NOTE: You should never operate your machine CNC unattended. All CNC machines are fast, powerful and depend on many different interacting mechanical and electrical systems to operate properly. In addition, mechanical surprises like a bit coming loose in a collet due to dust, insufficient tightening or a failed motor on an axis, can happen unexpectedly. These events can have serious consequences if not detected and addressed immediately. As the machine operator you should be near the machine with a sightline and within hearing distance at all times. Often sound is the first indication something is going wrong.
In addition, when cutting flammable materials like wood, a jammed bit can quickly produce massive friction and lead to smoke and fire if not addressed immediately. While running a known job over and over may seem “safer”, do not confuse familiarity with safety. Repeating a successful job really only validates the Gcode as good and does not eliminate or reduce any of the other inherent failure or safety risks in operating your CNC. Practice safety first.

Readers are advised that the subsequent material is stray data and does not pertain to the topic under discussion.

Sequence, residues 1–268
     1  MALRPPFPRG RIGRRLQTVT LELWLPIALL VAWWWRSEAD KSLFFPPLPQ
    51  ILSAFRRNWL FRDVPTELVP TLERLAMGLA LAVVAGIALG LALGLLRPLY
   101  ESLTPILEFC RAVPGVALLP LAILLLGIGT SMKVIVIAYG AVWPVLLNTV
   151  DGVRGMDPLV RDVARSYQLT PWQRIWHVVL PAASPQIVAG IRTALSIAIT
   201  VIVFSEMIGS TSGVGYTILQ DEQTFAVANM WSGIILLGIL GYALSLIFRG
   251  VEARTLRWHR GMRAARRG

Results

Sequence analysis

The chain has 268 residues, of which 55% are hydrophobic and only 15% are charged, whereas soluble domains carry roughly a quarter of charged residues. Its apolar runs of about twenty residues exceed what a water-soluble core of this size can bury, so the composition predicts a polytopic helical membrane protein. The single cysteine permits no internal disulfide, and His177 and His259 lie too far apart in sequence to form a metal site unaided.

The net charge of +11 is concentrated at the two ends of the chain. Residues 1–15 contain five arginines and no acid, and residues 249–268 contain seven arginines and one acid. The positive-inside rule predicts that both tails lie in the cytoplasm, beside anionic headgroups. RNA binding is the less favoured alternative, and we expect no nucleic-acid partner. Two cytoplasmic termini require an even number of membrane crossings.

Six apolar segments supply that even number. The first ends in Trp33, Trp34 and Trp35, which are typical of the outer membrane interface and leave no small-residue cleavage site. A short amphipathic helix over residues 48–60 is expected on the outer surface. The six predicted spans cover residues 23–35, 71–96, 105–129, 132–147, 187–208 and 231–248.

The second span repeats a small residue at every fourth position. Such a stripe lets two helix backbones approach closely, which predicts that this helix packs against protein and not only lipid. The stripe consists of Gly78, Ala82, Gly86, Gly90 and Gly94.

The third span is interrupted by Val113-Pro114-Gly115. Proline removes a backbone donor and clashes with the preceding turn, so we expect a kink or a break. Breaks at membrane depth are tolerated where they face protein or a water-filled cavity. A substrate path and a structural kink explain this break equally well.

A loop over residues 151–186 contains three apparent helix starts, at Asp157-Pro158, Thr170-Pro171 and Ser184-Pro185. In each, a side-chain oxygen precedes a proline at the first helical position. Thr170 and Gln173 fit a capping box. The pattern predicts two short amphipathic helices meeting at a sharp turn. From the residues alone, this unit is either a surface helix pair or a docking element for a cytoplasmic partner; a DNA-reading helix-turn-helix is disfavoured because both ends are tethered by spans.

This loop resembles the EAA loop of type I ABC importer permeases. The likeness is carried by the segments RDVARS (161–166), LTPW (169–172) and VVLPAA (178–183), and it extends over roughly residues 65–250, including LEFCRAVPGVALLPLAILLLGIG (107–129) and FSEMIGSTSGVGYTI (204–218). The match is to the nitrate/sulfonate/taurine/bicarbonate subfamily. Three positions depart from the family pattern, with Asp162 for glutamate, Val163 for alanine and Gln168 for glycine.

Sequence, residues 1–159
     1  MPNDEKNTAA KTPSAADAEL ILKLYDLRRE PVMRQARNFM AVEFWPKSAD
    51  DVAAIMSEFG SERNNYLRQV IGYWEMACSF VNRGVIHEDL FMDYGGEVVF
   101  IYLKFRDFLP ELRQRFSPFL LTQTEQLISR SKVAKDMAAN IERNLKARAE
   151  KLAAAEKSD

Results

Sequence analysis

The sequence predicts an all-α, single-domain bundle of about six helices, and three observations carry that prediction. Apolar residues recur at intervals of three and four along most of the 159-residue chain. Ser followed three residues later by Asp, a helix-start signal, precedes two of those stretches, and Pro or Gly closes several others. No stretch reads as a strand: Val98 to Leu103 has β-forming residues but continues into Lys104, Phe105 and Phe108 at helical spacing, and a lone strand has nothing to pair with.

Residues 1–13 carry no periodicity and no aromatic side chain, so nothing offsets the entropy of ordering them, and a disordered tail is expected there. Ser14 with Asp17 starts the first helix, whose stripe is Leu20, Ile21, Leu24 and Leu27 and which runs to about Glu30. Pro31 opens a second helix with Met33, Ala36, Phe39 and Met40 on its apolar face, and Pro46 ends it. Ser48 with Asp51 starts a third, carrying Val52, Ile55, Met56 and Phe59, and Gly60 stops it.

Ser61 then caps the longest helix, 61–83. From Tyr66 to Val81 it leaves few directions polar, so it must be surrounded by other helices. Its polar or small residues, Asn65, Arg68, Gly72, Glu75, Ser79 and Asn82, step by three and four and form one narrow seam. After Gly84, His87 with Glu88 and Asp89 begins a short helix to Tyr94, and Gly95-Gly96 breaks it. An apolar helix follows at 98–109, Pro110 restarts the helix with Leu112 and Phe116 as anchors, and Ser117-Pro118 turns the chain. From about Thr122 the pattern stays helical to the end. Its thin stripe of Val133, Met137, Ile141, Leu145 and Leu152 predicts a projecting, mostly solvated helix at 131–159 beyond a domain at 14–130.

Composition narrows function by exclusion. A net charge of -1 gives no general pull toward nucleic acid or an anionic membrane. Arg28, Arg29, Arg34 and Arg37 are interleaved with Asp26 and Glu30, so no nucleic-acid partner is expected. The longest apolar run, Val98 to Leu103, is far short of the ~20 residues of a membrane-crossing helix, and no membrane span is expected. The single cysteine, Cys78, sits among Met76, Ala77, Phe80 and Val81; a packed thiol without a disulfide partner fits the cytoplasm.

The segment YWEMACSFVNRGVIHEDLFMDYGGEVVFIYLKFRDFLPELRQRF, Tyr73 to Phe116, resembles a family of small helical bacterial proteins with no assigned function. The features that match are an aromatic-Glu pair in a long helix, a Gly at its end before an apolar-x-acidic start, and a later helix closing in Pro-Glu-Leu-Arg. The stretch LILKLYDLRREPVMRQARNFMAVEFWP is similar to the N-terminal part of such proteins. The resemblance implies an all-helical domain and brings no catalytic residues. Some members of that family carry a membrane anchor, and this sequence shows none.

Always make sure you are within reasonable reach of your e-stop button when the machine is running. Basic CNC safety means wearing appropriate eye, ear, and respiratory protection and have a fire extinguisher available and accessible. If you accidentally scorch a workpiece with your bit remember that scorched wood bits could be drawn up the vacuum hose and in to the vacuum bucket. The vacuum bucket should be inspected and confirmed safe before continuing. Also, the additional airflow of the vacuum can turn a smoldering handful of scorched chips in to red embers that ignite a dust fire.
Im not sure if I need Normally Open or Normally Closed? https://www.amazon.com/Siemens-3RT20161BB41-Contactor-3-Pole-TERMINAL/dp/B003U6615Y/ref=sr_1_9?dchild=1&keywords=siemens+contactor&qid=1624686237&sr=8-9
Logan: NO is for your holding circuit. you run your coil though the NO in parallel with the start button and in series with your stop. Yes, NO is correct.